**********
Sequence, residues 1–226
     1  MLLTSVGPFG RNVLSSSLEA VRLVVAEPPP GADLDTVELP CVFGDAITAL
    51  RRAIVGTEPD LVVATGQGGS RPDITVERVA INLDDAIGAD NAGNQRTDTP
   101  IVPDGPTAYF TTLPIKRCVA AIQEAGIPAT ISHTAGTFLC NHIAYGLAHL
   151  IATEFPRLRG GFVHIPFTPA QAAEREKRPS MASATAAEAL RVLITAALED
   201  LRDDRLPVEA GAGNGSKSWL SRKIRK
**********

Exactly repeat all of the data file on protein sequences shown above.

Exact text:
Sequence, residues 1–226
     1  MLLTSVGPFG RNVLSSSLEA VRLVVAEPPP GADLDTVELP CVFGDAITAL
    51  RRAIVGTEPD LVVATGQGGS RPDITVERVA INLDDAIGAD NAGNQRTDTP
   101  IVPDGPTAYF TTLPIKRCVA AIQEAGIPAT ISHTAGTFLC NHIAYGLAHL
   151  IATEFPRLRG GFVHIPFTPA QAAEREKRPS MASATAAEAL RVLITAALED
   201  LRDDRLPVEA GAGNGSKSWL SRKIRK